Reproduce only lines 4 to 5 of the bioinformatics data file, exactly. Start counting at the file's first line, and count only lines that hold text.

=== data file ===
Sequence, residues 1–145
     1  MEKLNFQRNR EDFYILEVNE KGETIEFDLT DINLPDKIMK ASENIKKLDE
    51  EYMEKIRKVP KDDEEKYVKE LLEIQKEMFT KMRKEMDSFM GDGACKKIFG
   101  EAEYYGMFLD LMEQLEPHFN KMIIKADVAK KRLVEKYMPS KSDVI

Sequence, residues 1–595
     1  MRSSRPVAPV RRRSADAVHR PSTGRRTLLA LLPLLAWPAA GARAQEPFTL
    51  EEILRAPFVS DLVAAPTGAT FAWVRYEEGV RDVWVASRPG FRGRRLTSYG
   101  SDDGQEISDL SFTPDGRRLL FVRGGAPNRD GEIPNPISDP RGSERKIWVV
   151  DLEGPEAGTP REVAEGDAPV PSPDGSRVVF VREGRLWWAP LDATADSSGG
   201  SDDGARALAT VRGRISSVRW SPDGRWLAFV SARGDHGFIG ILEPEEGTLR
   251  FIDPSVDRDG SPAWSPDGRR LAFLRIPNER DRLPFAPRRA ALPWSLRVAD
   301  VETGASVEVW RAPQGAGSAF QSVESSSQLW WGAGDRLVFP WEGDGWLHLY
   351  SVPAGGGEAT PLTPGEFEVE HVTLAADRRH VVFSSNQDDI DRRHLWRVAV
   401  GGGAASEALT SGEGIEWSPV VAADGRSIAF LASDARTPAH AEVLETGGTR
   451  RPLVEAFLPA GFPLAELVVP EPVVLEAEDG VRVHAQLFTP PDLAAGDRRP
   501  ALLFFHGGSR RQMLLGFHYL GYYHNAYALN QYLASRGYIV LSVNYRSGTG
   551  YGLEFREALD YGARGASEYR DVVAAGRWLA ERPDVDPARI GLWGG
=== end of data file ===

   101  EAEYYGMFLD LMEQLEPHFN KMIIKADVAK KRLVEKYMPS KSDVI

Sequence, residues 1–595